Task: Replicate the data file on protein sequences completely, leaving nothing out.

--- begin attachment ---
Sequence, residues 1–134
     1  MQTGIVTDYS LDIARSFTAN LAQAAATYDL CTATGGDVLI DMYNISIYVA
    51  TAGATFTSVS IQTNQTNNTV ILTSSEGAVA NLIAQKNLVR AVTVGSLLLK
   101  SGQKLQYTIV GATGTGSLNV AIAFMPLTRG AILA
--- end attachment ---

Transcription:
Sequence, residues 1–134
     1  MQTGIVTDYS LDIARSFTAN LAQAAATYDL CTATGGDVLI DMYNISIYVA
    51  TAGATFTSVS IQTNQTNNTV ILTSSEGAVA NLIAQKNLVR AVTVGSLLLK
   101  SGQKLQYTIV GATGTGSLNV AIAFMPLTRG AILA